Imperial Blind Spots and US Interventions in Africa

Upon being informed of the death of four US Green Berets in Niger, Senator Lindsey Graham exclaimed: “I didn’t know there were 1000 troops in Niger.” Although the number was slightly inflated, Graham’s willful ignorance as a member of the Senate Armed Services Committee is not only a sad commentary on the lack of oversight but also a reflection of the continual imperial blind spots that inform US interventions in Africa.

Coming from South Carolina, it is not surprising that Senator Graham’s perspective on Africa is rather blinkered. While South Carolina may have recently removed the Confederate flag flying atop its state Capitol building, a more radical reckoning with the state’s slave past remains elusive, especially to its white politicians, population, and tourist industry.  One can still take a tour of Charleston and its waterfront mansions without being informed that what made Charleston the richest city in North America during the late 18th and early 19th centuries was the slave trade.

As an offshoot of the British Empire, colonial Americans, both North and South, embraced the ravaging of Africa to fuel the economic expansion and empire-building on the North American continent – an expansion that would also result in genocidal policies against the indigenous inhabitants of the continent. In declaring its independence from the Great Britain, the United States of America incorporated a thoroughgoing institutional and political oppression and exploitation of people of African descent from the notorious 3/5 clause in the US Constitution to a wide variety of other compromises with the slave states of the South.

As a consequence of the Barbary wars of the early 19th century, the United States established naval and marine forces whose intervention from the “shores of Tripoli” became the hallowed harbingers of a later global empire.  While those interventions were more evident elsewhere, Africa would once again become a battlefield, albeit more covert, during the Cold War.  Especially in the former Belgian Congo, a site where millions perished from the brutal colonial predations around the harvesting of rubber, US imperial intercessions increased after Patrice Lumumba led the Congo to its independence.  As described by Barbara Kingsolver in her brilliant novel, The Poisonwood Bible, President Eisenhower and the National Security Council fomented plans for an assassination of Lumumba: “In their locked room, these men had put their heads together and proclaimed Patrice Lumumba a danger to the safety of the world…Imagine if he could have heard those words – dangerous to the safety of the world! – from a roomful of white men who held in their manicured hands the disposition of armies and atomic bombs, the power to extinguish every life of earth.”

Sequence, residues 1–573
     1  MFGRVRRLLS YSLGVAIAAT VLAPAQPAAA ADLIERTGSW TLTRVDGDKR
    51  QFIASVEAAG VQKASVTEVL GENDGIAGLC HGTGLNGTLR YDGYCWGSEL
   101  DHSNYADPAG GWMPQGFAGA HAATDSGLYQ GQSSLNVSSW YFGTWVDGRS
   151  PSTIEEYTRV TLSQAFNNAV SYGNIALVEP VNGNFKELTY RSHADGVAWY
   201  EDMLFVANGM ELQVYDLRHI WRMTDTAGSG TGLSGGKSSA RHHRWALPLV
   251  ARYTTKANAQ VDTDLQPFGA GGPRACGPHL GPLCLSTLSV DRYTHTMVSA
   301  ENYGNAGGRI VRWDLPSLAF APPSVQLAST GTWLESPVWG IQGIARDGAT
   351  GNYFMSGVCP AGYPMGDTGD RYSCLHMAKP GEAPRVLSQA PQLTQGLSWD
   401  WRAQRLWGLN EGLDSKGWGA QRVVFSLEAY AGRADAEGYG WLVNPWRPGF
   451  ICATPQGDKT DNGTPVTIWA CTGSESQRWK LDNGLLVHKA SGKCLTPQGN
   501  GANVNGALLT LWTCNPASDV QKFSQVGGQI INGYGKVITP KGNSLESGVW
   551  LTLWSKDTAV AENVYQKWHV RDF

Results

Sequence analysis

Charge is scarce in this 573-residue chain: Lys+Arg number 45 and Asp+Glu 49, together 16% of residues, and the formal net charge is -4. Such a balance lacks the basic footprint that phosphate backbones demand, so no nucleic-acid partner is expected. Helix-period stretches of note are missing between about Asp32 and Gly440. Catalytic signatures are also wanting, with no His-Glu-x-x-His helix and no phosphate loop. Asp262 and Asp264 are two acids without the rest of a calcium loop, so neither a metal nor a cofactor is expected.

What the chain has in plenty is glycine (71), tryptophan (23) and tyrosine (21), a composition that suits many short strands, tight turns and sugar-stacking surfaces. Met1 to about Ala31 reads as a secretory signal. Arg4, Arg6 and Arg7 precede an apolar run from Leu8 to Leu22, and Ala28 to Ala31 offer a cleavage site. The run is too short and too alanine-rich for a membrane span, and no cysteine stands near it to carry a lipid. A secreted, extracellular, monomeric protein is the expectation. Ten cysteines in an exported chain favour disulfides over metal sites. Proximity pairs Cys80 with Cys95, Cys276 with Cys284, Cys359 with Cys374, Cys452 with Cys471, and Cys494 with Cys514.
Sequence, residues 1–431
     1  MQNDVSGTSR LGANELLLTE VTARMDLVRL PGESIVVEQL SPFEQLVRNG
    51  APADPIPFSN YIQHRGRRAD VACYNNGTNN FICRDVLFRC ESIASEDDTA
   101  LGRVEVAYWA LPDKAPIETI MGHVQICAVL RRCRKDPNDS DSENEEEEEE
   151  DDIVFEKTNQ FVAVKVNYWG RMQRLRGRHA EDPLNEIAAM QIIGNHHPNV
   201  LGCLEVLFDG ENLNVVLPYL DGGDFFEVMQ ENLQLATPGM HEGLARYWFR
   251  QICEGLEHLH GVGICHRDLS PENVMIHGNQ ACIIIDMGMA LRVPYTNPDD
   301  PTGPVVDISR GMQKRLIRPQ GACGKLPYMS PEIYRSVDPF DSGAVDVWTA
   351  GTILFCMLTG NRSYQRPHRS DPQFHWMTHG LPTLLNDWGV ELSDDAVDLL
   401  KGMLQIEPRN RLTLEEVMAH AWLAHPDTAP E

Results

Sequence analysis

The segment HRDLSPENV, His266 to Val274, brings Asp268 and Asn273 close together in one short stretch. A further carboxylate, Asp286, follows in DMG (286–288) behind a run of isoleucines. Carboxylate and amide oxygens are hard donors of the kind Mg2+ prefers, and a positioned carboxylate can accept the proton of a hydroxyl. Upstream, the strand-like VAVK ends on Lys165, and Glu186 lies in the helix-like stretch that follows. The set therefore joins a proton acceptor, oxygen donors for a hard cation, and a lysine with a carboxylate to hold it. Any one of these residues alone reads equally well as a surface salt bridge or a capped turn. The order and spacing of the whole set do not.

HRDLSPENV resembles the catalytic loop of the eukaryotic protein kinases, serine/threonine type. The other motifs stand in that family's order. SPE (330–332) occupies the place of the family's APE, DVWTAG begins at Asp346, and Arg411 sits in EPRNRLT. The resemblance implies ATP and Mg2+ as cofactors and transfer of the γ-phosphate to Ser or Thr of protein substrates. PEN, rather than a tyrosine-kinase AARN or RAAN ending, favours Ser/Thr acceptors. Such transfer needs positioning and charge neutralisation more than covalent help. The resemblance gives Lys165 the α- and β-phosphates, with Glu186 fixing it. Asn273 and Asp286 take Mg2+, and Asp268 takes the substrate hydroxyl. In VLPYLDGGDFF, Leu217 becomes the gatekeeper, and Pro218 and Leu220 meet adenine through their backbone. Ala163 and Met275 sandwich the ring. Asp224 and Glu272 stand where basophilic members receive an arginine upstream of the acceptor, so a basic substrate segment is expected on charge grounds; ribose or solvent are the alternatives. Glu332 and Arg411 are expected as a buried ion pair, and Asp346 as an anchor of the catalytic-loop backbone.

In the aftermath of Lumumba’s assassination, the Congo would become the playground of the notorious dictator Mobutu from 1965-1997. Even in the face of large-scale human rights abuses and massive corruption, the US became his prime financial backer.  During the civil wars that followed in the Congo, the US was more interested in exploiting the resources of the country instead of its people.  According to Devyn Springer: “Arguably one of the world’s more mineral-rich countries with billion dollar mining contracts that benefit mostly US, Swedish, and Canadian-based countries and include the use of private militias and child slave labor for mining, the Congolese people have had their land and humanity trampled by Western forces for decades through capitalist exploitation and violence” (Truthout, 10/16/17).